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Does Social Media and Work Mix? Employers See Problems Rise

With an estimated half of all Americans using social media, venting about the workplace has grown into a major problem for employers.

09/08/2011 // Boston, MA , USA // jtheriault // John Theriault

Truventis, a local management consulting firm, has developed a social media training to help businesses communicate the risks around social media to their employees. The training uses multi-media and real world examples of cases that cover Facebook, Twitter, and YouTube. The focus of the training is to help employees understand how social media actually works, and the risks involved when discussing the workplace.

“Employees often think they’re ok talking about work because their privacy settings are on,” said Truventis founder John Theriault. “But most of us have ‘friended’ people from work, so comments about work or clients can end up being seen by unintended parties. The stakes can be higher if your company works in certain sectors such as healthcare, where strict regulations cover privacy concerns,” said Theriault.

“What’s becoming clear is that employers need to have a social media policy in place or they put themselves at greater risk,” said Theriault. “Companies must demonstrate they have an established policy in place and it was communicated to all employee before something adverse happens. They also need to train their employees on the social media policy and expectations related to the workplace.”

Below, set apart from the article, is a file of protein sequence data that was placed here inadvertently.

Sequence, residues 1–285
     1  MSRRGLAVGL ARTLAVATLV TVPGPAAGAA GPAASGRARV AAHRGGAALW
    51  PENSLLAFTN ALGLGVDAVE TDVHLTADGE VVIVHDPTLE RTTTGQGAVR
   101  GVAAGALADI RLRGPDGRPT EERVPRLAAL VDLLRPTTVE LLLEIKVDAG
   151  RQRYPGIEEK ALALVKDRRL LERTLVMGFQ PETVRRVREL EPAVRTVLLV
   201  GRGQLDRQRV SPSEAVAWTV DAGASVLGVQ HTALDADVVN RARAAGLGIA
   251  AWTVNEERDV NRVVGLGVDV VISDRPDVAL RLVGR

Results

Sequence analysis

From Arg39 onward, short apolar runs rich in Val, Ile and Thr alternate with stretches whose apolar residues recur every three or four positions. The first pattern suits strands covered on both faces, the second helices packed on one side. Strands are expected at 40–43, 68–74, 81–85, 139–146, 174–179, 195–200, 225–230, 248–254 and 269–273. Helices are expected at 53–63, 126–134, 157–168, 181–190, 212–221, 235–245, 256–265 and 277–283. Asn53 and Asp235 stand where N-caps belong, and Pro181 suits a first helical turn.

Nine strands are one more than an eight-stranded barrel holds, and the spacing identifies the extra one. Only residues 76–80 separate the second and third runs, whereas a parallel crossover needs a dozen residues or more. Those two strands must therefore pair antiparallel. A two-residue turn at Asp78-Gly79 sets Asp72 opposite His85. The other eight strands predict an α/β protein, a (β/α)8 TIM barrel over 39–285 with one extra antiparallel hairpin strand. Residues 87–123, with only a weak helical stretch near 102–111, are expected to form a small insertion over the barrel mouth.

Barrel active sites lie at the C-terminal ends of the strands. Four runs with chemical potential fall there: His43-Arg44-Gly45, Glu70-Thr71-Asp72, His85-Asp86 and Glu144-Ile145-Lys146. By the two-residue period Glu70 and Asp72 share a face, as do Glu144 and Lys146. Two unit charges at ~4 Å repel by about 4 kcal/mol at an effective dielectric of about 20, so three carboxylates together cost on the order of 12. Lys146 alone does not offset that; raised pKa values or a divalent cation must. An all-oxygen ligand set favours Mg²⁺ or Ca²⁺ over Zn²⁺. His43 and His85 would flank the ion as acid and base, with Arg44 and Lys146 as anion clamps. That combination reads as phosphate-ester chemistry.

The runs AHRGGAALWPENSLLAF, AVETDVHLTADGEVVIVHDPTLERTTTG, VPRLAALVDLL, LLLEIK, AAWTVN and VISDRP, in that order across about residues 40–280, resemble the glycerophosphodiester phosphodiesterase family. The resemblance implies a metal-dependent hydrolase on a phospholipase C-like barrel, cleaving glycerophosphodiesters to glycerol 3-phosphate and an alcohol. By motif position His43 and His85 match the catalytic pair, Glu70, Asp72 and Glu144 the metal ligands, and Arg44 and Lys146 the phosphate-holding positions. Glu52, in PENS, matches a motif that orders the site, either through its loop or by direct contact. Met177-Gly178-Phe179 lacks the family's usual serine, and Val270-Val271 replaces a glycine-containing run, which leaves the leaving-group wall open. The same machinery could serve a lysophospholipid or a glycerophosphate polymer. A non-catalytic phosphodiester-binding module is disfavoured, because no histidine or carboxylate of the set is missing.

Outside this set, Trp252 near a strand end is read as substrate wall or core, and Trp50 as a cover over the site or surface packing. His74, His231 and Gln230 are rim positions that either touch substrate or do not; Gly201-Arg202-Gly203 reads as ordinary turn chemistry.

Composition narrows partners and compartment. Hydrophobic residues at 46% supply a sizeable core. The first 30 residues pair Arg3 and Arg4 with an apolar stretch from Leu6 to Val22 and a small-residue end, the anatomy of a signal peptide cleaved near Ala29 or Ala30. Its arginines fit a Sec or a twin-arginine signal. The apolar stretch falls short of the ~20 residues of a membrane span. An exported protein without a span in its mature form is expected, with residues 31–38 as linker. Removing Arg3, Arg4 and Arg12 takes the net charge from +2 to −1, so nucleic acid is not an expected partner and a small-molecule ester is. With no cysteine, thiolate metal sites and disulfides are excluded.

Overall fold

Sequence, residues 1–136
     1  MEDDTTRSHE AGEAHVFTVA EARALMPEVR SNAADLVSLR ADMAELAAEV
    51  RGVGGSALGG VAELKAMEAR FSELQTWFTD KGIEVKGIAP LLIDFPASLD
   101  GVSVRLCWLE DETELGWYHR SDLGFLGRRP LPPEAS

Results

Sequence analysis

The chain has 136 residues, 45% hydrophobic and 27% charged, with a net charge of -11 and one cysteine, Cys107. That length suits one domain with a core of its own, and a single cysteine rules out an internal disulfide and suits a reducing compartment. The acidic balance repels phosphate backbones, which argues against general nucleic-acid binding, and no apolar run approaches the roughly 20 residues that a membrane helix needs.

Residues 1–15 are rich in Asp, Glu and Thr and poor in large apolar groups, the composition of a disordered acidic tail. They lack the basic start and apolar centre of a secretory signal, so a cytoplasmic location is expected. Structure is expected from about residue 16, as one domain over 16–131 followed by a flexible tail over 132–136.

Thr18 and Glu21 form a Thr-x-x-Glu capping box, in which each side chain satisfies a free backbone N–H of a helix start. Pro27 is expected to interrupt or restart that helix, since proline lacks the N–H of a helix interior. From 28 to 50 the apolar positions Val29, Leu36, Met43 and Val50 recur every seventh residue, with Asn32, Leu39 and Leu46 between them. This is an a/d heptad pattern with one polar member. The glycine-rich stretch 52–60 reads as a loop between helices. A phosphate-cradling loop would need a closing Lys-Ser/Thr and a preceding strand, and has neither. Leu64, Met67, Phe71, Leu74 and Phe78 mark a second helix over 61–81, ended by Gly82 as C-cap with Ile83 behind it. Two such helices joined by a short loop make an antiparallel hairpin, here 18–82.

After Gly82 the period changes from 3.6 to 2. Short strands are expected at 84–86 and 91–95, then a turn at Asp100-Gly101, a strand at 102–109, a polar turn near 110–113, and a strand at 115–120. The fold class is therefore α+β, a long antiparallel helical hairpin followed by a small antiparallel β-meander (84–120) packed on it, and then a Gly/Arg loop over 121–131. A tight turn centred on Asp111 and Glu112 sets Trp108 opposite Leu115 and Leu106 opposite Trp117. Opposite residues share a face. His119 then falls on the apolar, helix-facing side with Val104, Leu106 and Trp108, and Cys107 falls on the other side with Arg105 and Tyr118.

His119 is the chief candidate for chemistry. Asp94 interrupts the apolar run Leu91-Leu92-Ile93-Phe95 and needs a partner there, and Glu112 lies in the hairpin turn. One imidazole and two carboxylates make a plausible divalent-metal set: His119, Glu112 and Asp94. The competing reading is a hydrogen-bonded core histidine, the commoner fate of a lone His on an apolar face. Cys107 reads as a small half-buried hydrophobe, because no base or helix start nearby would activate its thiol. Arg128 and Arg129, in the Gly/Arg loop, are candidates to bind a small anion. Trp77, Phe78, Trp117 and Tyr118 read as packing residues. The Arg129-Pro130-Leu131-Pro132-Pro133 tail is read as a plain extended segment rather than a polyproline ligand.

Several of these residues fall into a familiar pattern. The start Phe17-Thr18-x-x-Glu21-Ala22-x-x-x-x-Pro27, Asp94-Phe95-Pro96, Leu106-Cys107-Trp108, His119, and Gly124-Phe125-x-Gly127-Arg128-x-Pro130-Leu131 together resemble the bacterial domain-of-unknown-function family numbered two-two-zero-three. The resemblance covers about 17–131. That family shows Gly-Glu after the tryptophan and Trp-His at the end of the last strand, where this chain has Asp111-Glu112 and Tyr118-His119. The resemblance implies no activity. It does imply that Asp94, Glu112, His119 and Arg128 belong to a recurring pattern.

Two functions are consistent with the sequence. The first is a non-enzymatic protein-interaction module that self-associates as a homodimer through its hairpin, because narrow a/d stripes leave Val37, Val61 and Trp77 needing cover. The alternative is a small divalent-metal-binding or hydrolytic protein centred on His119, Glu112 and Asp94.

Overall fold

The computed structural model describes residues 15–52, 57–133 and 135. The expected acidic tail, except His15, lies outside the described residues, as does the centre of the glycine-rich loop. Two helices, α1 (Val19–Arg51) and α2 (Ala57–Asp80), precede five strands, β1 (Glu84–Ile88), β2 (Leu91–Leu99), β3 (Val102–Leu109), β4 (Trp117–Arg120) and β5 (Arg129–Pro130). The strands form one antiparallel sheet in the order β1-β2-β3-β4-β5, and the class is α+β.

A U.S. Chamber of Commerce review of 129 worker cases before the National Labor Relations Board (NLRB) demonstrates that employees are now regularly using social media (in particular Facebook) to “vent” about their employer. The NLRB has stated it’s planning to release guidance for businesses on social media policies “in the coming weeks”.

Truventis has identified five steps for companies:

1. Develop and implement a social media policy (employers should review that policy against the NLRB guidance when it becomes available);

2. Require an acknowledgement receipt of the social media policy and update it annually;

3. Conduct a training for everyone at the company around social media risk and keep a record of attendance;

4. Train managers on how to respond to adverse postings, demonstrate restraint, and consider the potential posting for ‘protected speech’ before taking action;

5. Train managers to not go actively looking on employee social media pages for adverse postings since this can be construed as undue surveillance.

NLRB actions to date show that while employers should not actively search for adverse postings, they can use information presented to them.

“Most of us are using social media networks every day, have no idea how they actually operate technically. As a result we’re unaware of what data we may be communicating and to whom,” said Theriault.

Social Media Tags:social media, social media training, social media policy, facebook policy, facebook, twitter, human resources

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